If you think insurance for your condominium is covered by your association fees, think again. Typically, your monthly condo fees are used to fund a building insurance policy. If your unit is robbed or damaged, your building insurance will not provide any coverage for your personal possessions, nor will it offer you any protection from personal liability.
To protect your belongings and yourself, you need to purchase a personal home insurance policy for condos (type HO-6).
To protect your belongings and yourself, you need to purchase a personal home insurance policy (type HO-6) that is designed for condos and co-op apartments.
Insuring The Building
Condo and co-op owners should first review their association's master insurance policy to find out what that policy covers, and what it doesn't. In most cases, that building insurance policy should cover common areas such as the hallways, roof, basement, elevator, boiler, and common walkways, for both liability and physical damage. Co-ops and condominium associations can also obtain coverage for sewer backups, seepage, floods, earthquakes, employee dishonesty, and changes in municipal rules and regulations. For older buildings, another option is liability coverage for claims resulting from exposure to lead-based paint.
In some cases, the building association's insurance policy also covers the standard fixtures in each unit. The condo owner might only be responsible for personal property inside the unit and for any additions or alterations made to the original structure, such as new carpeting. In other situations, the building policy covers only the bare walls, leaving condo owners responsible for insuring anything inside a unit such as cabinets, carpeting, and bathroom fixtures.
Insuring The Condo And Your Belongings
Under the general terms of HO-6 condominium owner coverage, your policy should cover your personal property from 16 perils:
- Fire or lightning
- Windstorm or hail
- Riot or civil commotion
- Damage caused by aircraft
- Damage caused by vehicles
- Vandalism or malicious mischief
- Volcanic eruption
- Falling objects
- Weight of ice, snow, or sleet
- Accidental discharge or overflow of water or steam from within a plumbing, heating, air conditioning, or automatic fire-protective sprinkler system, or from a household appliance.
- Sudden and accidental tearing apart, cracking, burning, or bulging of a steam or hot water heating system, an air conditioning or automatic fire-protective system.
- Freezing of a plumbing, heating, air conditioning or automatic, fire-protective sprinkler system, or of a household appliance.
- Sudden and accidental damage from artificially generated electrical current (does not include loss to a tube, transistor or similar electronic component)
- A basic condo/co-op policy should also provide liability protection for incidents such as someone tripping and falling while in your unit. In addition, if a covered peril should make your condo or co-op uninhabitable, your policy should include a provision to cover the additional living expenses you incur when you have to temporarily live somewhere else.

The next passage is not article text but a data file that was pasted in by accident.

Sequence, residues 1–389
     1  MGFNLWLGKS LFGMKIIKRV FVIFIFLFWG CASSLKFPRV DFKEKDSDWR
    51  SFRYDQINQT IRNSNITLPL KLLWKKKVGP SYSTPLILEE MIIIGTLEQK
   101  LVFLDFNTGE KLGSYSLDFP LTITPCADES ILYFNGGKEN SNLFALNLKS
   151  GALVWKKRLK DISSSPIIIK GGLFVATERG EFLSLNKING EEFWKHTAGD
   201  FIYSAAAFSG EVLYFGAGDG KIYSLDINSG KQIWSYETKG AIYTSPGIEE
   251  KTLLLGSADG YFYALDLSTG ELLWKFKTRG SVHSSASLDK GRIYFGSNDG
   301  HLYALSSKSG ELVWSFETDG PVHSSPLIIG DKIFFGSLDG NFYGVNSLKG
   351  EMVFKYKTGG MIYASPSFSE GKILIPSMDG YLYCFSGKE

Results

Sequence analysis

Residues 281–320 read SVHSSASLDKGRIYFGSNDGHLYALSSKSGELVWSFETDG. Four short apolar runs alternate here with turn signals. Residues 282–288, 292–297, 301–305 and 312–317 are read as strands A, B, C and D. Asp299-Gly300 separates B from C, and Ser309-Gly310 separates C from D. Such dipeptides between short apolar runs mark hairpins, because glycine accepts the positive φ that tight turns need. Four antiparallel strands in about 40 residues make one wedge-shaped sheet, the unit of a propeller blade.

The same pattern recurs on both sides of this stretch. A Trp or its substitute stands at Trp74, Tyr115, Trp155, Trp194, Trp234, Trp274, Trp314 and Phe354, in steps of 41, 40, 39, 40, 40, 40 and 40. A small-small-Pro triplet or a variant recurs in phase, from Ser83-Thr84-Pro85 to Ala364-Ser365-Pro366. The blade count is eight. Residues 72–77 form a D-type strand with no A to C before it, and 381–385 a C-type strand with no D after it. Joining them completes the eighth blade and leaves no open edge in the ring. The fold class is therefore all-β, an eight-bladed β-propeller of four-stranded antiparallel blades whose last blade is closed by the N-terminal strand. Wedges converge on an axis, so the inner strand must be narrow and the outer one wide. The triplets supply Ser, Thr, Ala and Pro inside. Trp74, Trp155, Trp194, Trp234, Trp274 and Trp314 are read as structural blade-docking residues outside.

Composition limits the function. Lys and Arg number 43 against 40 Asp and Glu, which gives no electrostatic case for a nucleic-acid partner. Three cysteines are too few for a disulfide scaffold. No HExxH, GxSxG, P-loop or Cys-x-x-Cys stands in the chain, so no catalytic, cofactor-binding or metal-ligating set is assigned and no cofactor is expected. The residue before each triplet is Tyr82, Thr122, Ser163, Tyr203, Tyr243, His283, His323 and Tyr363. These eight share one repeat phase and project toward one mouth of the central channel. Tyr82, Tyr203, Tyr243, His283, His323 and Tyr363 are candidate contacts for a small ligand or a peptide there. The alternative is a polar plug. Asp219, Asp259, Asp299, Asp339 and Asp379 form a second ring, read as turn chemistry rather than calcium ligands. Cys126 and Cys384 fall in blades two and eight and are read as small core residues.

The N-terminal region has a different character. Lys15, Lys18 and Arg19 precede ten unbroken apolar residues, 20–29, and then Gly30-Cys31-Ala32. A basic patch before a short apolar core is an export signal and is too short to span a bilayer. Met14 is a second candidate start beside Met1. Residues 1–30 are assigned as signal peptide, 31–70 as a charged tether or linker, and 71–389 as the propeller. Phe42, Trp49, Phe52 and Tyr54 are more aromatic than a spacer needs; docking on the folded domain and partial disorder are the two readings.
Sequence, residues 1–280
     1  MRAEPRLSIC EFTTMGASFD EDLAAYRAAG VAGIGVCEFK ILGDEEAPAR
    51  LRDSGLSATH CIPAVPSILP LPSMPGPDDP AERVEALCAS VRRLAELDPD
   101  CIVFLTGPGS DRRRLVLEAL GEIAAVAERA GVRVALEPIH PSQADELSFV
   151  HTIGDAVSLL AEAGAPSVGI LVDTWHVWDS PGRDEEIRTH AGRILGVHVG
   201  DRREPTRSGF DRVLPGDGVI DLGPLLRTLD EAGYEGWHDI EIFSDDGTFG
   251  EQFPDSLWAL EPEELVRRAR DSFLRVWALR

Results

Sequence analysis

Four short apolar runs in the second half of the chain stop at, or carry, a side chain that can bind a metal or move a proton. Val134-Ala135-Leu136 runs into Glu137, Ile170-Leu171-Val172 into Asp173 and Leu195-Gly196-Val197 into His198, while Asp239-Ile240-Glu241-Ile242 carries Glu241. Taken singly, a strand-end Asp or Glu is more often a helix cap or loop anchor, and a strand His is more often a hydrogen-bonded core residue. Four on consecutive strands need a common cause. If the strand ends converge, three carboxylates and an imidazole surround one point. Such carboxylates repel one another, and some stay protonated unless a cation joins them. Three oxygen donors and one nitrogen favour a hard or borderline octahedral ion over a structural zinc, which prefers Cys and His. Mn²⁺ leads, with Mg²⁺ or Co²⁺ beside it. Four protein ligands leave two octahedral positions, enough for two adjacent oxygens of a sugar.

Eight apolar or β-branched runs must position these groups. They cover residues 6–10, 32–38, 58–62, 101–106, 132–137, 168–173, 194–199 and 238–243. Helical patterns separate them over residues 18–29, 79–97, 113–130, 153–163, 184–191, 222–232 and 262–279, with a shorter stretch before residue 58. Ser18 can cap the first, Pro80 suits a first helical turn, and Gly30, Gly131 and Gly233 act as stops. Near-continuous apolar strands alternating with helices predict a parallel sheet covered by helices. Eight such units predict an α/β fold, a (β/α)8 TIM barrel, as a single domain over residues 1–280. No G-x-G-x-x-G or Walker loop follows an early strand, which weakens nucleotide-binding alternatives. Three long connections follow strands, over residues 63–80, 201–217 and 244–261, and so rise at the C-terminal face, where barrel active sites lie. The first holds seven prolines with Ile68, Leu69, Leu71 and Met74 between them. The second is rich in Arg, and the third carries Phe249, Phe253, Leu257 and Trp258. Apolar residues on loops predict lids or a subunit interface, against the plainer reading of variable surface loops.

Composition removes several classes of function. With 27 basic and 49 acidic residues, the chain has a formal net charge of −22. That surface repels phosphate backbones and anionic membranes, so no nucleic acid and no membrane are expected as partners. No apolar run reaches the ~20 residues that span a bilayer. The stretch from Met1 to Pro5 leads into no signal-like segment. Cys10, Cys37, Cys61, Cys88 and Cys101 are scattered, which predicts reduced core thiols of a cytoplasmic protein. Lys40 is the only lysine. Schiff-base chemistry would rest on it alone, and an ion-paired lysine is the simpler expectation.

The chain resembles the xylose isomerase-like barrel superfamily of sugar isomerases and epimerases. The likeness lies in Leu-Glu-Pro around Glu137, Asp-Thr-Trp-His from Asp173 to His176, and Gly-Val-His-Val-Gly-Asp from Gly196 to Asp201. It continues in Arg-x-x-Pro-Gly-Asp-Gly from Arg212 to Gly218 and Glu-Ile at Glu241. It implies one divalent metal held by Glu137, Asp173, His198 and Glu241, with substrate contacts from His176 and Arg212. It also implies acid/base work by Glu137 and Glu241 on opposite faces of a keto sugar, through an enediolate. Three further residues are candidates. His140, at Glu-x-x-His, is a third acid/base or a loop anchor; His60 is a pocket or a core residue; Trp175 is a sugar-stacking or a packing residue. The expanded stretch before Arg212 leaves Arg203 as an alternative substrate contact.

When discussing your policy with your agent or insurance company, make sure you have enough liability coverage. Unlike the other areas of coverage, personal liability has no set amounts. You determine how much coverage you want. In this litigious age, it would be prudent to opt for the maximum amount you can afford, advises Al McWilliams with Prudential Contact Corp..
Options To Ask About
Cash or replacement value: You can insure your personal possessions for either the cash value or their replacement cost. With cash value coverage, you receive the value of the item minus depreciation, while replacement value pays the current cost to replace the item.
Deductible amount: What level of deductible can you afford? A higher deductible can mean lower insurance premiums, but if something happens, be prepared to pay out that high amount.
Unit or loss assessment: If your co-op or condo building is damaged by an insured disaster or its members are sued, and the cost of that damage is not fully covered by the association's policy, this type of coverage would pay for your share of an assessment charged to all unit owners.
Flood or earthquake: Most standard HO-6 homeowners/condo policies do not include coverage for either floods or earthquakes. If you live in an area where either might occur, consider adding coverage.
Floaters: Most policies set limits for items like jewelry, collectibles, and computers. If you own expensive items, you can pay extra premiums to have those items fully insured under what is called a floater. Without a floater, a policy will cover such items only under general categories and offer reimbursement up to a maximum of only a few thousand dollars (limits vary).
Discounts: Insurance companies offer an array of discounts. Factors that could reduce your premiums include smoke detectors, alarm systems, deadbolt locks, closed-circuit television, a secured-entry system or a doorman. If you insure your unit with the same company that underwrites your building's insurance policy, you might get an additional reduction in premium. You could also qualify for a multi-line discount if you purchase your condo/co-op and auto insurance from the same company. More discounts might be available depending on your age or whether you're a non-smoker. Building location may play a role in your rates. Typically, the better quality and newer the dwelling, the lower your premiums will be.